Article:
Wednesday, February 28, 2018

A Different Sort of Golf Pencil

I know the title is wishful thinking here in Ohio, where snowblowers have been busier than they have been in the last three years . . . but as the traditionally dismal second month of the year winds down, it helps to pass the time to think about activities that don’t involve coats, thick socks and a stuffy nose.

Like golf.  Even though I don’t play the game.

A couple things come to mind when someone uses the term “golf pencil.”  It refers generally to any short, stubby pencil that might fit conveniently in a pair of shorts while strolling around the green – short enough to be a lady’s pencil, but fat enough to pass for a masculine accessory (at least masculine enough to keep a golfer from being harassed without mercy by the others in the foursome).  It also refers to those short wooden pencils golf courses give away with your scorecards as you set out for the day. 

Here’s a third sort:

The two shorter examples came my way in a larger lot of pencils - I can’t remember which one.  They are marked “Golf-Meter / Club Selector / Golf Meter Co.”

At the top, opposite the clip, is a chart that suggests a club depending on how far from the hole a duffer should find himself:

The C within a circle suggests a copyright, and the name “Golf Meter Co.” looked like a promising lead, which panned out.  The Golf-Meter Co. of Kalamazoo, Michigan, began copyrighting their brochures and advertising materials in 1944.  Here’s an entry from the 1946 copyright register:

And, a cross-reference: to William T. Rietzke, dba Golf-Meter Company:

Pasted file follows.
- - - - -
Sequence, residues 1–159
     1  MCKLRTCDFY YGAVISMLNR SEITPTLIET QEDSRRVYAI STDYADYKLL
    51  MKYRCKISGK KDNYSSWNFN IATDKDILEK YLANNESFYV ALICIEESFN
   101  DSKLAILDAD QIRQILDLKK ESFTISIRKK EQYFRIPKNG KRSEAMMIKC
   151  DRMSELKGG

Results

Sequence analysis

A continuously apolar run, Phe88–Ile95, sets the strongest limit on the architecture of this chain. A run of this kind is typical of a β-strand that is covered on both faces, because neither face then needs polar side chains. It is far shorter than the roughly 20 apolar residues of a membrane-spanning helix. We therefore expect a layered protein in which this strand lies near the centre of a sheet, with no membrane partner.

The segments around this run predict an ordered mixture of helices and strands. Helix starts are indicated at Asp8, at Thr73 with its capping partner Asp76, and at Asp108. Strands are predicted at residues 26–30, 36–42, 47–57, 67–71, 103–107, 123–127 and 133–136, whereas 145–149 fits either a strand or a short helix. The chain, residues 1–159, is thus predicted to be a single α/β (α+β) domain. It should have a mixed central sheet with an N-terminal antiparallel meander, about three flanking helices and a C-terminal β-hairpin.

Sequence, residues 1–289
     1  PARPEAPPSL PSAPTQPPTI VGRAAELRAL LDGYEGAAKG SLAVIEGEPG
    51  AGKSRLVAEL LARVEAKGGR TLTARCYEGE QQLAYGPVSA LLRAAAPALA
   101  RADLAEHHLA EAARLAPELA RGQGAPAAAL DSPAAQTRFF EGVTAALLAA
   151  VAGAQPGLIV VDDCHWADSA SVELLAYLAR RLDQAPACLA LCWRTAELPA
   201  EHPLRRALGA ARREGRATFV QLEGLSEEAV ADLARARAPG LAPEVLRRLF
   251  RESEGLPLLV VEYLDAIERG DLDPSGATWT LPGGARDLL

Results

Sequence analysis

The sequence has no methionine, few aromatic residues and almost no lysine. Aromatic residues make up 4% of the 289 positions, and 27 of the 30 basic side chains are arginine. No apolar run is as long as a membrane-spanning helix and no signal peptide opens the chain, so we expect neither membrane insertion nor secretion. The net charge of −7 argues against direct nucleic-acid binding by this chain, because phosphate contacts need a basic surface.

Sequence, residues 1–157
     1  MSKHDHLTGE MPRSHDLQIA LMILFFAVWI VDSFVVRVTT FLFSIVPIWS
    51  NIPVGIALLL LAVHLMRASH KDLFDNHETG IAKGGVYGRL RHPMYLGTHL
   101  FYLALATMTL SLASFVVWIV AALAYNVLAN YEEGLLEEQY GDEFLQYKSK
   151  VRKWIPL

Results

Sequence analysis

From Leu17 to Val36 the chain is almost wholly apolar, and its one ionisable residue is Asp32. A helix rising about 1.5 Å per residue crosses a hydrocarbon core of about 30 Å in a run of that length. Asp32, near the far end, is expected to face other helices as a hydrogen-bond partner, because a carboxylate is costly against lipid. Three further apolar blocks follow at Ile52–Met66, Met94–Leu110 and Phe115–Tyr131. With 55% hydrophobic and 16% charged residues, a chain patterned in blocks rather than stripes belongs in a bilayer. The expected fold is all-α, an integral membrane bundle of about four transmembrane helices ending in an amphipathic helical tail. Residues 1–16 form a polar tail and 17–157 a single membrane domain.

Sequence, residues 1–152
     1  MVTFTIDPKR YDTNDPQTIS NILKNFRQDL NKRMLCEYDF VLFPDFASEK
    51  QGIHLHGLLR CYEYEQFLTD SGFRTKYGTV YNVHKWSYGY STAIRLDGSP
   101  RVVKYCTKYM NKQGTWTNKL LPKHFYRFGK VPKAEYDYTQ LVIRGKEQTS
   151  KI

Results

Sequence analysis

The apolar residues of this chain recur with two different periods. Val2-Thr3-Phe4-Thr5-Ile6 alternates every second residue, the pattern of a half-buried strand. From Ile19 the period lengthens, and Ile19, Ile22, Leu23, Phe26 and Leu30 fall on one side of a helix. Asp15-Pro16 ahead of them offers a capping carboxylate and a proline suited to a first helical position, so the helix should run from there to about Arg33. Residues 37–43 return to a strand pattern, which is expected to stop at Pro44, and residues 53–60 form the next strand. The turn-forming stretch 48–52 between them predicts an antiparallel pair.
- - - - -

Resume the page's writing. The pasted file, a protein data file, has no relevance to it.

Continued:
The Golf-Meter pencil must have enjoyed some measure of commercial success.  The earliest advertising I found for it was in the July, 1946 edition of Popular Mechanics:

Newspaper advertisements in late 1946 show our pencil exactly.  One which appeard in the November 26, 1946 Battle Creek (Michigan) Enquirer, directed customers to send orders to the P.&D. Supply Company, on East Michigan Avenue at Monument in Battle Creek:

Meanwhile, an advertisement in the December 8, 1946 St. Louis Post-Dispatch referred customers to the Famous-Barr Co. of St. Louis:

The pencils were still being advertised in 1954; here’s an ad from the Chicago Tribune on June 6, 1954:

Rietzke filed one last round of advertising materials for copyright protection, in 1955.  I haven’t found an end date for when the Golf-Meter pencil was discontinued, but production may have been continued by the manufacturer after Rietzke called it quits.  Did you notice the salesman’s sample language on the larger example in that first picture?

Under the golf meter on the back side is an imprint which confirms what the appearance of all three pencils suggests:

They were made by Ritepoint.

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